Objectives. To evaluate epidemiological trends of SCD and the profile of patients affected by SCD attending the Haematology Clinic at Groote Schuur Hospital (GSH), Cape Town.
Methods. (i) A retrospective review of the number of SCD patients over the past 20 years; (ii) a cross-sectional analysis of clinical and haematological characteristics of SCD patients; and (iii) molecular analysis of the haemoglobin S mutation, the haplotype in the β-globinlike genes cluster, the 3.7 kb α-thalassaemia gene deletion and 19 selected single-nucleotide polymorphisms (SNPs) associated with fetal haemoglobin (HbF) levels.
Results. From 1995 to 2016, 81 adolescent/adult patients with SCD were registered, mostly originating from other African countries (n=61, 75.3%). There was an increase of over 200% in new cases (n=47) during the last quarter of the two decades investigated. Data from 34 of 58 regular attendees (58.6%) were analysed. The mean age of the patients was 26.1 years (standard deviation (SD) 9.8), and 70.6% were male. With the exception of four patients with sickle/β-thalassaemia, all the patients had SCD (haemoglobin SS). The co-inheritance of a single 3.7 kb α-globin deletion was found in 42.3% of cases (n=11). The Bantu haplotype was the most observed (65.4% of chromosomes). Most HbF-promoting SNPs were not associated with variable levels of haematological indices.
Conclusions. There is an increasing burden of adult SCD patients at GSH. National health and academic institutions need to adapt policies and healthcare professional training accordingly.
Analysis of mutations causing familial hypercholesterolaemia in black South African patients of different ancestryBackground. Familial hypercholesterolaemia (FH) is usually caused by mutations in three genes (LDLR, APOB and PCSK9).Objective. To identify the spectrum of FH-causing mutations in black South African (SA) patients.
Methods. DNA samples of 16 unrelated South African FH patients with elevated low-density lipoprotein cholesterol levels, tendon xanthomas and corneal arcus (3 clinically homozygous FH and 13 heterozygous FH) of ethnic African origin were screened for mutations in the LDLR (coding region, promoter and intron/exon boundaries), APOB (part of exon 26) and PCSK9 genes (exon 7), using high-resolution melting.
Results. Eight LDLR mutations were identified, for an overall detection rate of 8/19 predicted FH-causing alleles (42.1%). The previously reported six base pair deletion p.(D47_G48del) was found in two patients, and two novel variants (c.1187-25T>C and c.1664T>G p.(L555R)) were found, both predicted to be pathogenic using in silico web-based predictive algorithms. No pathogenic variants in APOB or PCSK9 were found.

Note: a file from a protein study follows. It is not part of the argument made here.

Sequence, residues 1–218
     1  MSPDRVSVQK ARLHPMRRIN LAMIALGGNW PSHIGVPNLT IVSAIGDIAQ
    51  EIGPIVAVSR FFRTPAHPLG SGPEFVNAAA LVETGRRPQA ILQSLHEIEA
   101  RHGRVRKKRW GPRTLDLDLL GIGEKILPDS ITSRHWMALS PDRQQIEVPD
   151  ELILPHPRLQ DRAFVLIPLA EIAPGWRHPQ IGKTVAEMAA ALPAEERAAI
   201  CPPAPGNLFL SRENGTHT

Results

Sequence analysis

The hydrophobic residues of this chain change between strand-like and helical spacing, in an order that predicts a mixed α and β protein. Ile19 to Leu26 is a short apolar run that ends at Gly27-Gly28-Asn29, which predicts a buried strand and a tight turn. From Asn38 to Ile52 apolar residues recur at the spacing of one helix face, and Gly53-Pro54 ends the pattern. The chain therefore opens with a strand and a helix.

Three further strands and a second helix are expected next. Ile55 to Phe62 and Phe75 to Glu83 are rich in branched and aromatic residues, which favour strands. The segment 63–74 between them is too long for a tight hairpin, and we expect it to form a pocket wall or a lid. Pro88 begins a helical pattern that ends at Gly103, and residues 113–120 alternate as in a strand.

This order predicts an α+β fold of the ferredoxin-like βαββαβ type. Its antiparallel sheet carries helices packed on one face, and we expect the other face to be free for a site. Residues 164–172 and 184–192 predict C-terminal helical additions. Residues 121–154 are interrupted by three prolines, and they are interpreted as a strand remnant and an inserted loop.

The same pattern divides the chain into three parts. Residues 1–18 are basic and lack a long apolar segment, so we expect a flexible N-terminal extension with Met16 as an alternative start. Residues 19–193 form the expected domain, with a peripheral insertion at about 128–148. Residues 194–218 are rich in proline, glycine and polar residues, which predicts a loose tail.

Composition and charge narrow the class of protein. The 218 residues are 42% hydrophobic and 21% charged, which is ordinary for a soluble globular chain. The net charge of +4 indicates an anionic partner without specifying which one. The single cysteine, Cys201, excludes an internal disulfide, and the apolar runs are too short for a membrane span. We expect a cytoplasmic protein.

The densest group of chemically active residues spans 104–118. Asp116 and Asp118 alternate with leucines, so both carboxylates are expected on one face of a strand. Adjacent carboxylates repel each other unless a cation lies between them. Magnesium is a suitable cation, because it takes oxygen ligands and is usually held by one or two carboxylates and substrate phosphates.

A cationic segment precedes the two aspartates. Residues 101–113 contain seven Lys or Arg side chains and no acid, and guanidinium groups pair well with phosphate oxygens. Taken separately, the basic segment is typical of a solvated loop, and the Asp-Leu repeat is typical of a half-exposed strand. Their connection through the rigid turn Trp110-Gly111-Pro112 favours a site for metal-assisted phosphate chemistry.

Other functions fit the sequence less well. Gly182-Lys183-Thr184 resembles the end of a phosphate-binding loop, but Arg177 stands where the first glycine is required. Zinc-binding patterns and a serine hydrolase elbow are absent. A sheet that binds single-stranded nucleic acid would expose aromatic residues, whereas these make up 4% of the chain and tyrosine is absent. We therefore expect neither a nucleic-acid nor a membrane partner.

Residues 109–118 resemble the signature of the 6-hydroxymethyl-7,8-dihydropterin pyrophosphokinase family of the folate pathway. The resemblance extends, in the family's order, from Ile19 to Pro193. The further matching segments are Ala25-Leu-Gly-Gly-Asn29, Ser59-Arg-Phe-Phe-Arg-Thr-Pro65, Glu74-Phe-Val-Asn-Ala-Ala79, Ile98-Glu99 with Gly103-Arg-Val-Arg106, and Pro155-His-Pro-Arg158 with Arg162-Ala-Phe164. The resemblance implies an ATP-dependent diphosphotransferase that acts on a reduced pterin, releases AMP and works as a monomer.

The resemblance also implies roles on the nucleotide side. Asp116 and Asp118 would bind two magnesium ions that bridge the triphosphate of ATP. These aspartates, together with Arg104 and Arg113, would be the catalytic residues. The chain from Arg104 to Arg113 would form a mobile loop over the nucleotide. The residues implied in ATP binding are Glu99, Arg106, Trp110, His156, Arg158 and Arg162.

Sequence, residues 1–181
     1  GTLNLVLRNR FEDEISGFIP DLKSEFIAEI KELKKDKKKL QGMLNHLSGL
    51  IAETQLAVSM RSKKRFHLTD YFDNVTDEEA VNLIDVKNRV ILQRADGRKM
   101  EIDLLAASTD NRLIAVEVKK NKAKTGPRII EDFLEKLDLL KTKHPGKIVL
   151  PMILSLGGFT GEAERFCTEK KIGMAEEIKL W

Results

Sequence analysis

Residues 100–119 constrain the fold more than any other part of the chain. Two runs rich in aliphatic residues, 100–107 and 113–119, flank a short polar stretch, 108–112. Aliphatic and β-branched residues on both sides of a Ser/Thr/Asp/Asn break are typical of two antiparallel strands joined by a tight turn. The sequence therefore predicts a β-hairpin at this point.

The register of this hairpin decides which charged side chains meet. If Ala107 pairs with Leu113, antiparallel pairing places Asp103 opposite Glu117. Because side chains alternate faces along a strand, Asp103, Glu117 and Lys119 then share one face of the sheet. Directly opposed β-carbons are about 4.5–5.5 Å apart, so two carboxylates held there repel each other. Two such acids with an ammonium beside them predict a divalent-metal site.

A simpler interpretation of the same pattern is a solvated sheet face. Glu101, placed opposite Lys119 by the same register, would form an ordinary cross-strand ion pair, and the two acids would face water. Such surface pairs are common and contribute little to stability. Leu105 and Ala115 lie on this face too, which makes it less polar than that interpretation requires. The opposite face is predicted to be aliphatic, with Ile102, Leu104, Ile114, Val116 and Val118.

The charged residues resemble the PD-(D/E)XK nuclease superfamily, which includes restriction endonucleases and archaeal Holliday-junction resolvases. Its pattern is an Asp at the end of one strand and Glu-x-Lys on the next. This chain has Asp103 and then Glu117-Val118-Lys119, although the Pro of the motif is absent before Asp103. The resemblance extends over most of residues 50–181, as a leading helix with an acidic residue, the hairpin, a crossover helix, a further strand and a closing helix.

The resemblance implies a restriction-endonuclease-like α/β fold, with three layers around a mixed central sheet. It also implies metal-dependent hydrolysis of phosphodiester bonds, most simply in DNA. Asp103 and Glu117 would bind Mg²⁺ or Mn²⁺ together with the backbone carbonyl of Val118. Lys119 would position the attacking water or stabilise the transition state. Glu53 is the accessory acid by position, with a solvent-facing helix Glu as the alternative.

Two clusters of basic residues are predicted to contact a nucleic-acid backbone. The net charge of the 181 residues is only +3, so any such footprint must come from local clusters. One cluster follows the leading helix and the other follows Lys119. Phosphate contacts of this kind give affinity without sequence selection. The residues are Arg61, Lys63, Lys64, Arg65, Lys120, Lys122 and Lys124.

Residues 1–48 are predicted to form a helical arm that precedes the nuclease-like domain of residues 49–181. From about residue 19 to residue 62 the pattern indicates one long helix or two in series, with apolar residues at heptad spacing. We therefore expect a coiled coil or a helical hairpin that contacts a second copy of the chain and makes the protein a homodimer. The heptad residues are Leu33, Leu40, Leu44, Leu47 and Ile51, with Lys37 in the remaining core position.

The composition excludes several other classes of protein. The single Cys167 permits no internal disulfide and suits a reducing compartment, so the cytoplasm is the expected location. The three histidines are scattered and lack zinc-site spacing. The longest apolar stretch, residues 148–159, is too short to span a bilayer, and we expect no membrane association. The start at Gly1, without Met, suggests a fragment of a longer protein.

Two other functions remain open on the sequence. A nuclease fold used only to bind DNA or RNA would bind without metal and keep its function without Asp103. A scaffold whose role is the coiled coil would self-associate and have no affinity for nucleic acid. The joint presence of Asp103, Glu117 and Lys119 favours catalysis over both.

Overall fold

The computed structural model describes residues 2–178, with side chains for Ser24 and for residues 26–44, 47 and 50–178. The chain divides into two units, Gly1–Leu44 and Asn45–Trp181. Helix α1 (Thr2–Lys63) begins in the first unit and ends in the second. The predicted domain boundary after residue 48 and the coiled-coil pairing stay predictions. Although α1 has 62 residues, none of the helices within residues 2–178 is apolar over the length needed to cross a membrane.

Conclusions. These findings contribute to the knowledge of allelic heterogeneity in the spectrum of FH-causing mutations in black SA patients, signifying their ancestral diversity. The relatively low overall detection rate may reflect locus heterogeneity of the FH phenotype in black SA FH patients.
Background. Calcific uraemic arteriolopathy (calciphylaxis) is an unusual and potentially fatal condition characterised by small-vessel calcification and ischaemic skin necrosis. It mainly affects patients with end-stage renal disease (ESRD) on haemodialysis, but may rarely occur in the absence of ESRD in conditions such as primary hyperparathyroidism, malignancy, alcoholic liver disease and connective tissue disease.
Methods. We reviewed the records of all patients diagnosed with calciphylaxis while on renal replacement therapy at Tygerberg Hospital, Cape Town, South Africa, between 1990 and 2014, to describe its presentation, course and final outcome.
Results. Nineteen patients developed calciphylaxis over this period. Their median age was 34 years and 13 (68.4%) were female. Fifteen (78.9%) had received a kidney transplant. All patients had painful skin lesions that rapidly progressed to infarction. Small-vessel calcification was seen on skin biopsy in 13 patients. Twelve patients had hyperparathyroidism. Several of the transplanted patients had been treated for graft rejection in the year preceding the diagnosis. Treatment consisted of good wound care and efforts to normalise serum calcium and phosphate levels. Five patients received an urgent parathyroidectomy. The outcome was fatal in 17 patients, with sepsis being the main cause of death.
Conclusions. In our patients, calciphylaxis carried a worse prognosis than previously reported internationally. It should always be considered in the differential diagnosis of painful skin lesions in the dialysis or transplant patient.